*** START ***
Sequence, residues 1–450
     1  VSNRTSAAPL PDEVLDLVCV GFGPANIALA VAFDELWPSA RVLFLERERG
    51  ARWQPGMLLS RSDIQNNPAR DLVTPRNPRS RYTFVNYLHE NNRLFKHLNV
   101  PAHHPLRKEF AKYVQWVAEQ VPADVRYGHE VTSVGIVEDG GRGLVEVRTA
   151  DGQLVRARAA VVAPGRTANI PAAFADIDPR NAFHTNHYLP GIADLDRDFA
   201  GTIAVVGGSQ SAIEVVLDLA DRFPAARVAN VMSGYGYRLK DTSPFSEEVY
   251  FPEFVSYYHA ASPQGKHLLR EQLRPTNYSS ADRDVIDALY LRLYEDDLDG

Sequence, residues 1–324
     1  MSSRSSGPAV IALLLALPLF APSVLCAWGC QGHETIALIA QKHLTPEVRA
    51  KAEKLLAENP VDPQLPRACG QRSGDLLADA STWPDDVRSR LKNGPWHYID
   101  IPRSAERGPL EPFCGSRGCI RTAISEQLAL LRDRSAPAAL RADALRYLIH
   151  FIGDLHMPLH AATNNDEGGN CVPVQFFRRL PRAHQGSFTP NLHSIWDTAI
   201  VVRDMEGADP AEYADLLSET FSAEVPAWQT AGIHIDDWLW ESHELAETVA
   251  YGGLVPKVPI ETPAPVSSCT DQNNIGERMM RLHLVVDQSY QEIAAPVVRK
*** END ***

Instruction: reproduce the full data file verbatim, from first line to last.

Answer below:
Sequence, residues 1–450
     1  VSNRTSAAPL PDEVLDLVCV GFGPANIALA VAFDELWPSA RVLFLERERG
    51  ARWQPGMLLS RSDIQNNPAR DLVTPRNPRS RYTFVNYLHE NNRLFKHLNV
   101  PAHHPLRKEF AKYVQWVAEQ VPADVRYGHE VTSVGIVEDG GRGLVEVRTA
   151  DGQLVRARAA VVAPGRTANI PAAFADIDPR NAFHTNHYLP GIADLDRDFA
   201  GTIAVVGGSQ SAIEVVLDLA DRFPAARVAN VMSGYGYRLK DTSPFSEEVY
   251  FPEFVSYYHA ASPQGKHLLR EQLRPTNYSS ADRDVIDALY LRLYEDDLDG

Sequence, residues 1–324
     1  MSSRSSGPAV IALLLALPLF APSVLCAWGC QGHETIALIA QKHLTPEVRA
    51  KAEKLLAENP VDPQLPRACG QRSGDLLADA STWPDDVRSR LKNGPWHYID
   101  IPRSAERGPL EPFCGSRGCI RTAISEQLAL LRDRSAPAAL RADALRYLIH
   151  FIGDLHMPLH AATNNDEGGN CVPVQFFRRL PRAHQGSFTP NLHSIWDTAI
   201  VVRDMEGADP AEYADLLSET FSAEVPAWQT AGIHIDDWLW ESHELAETVA
   251  YGGLVPKVPI ETPAPVSSCT DQNNIGERMM RLHLVVDQSY QEIAAPVVRK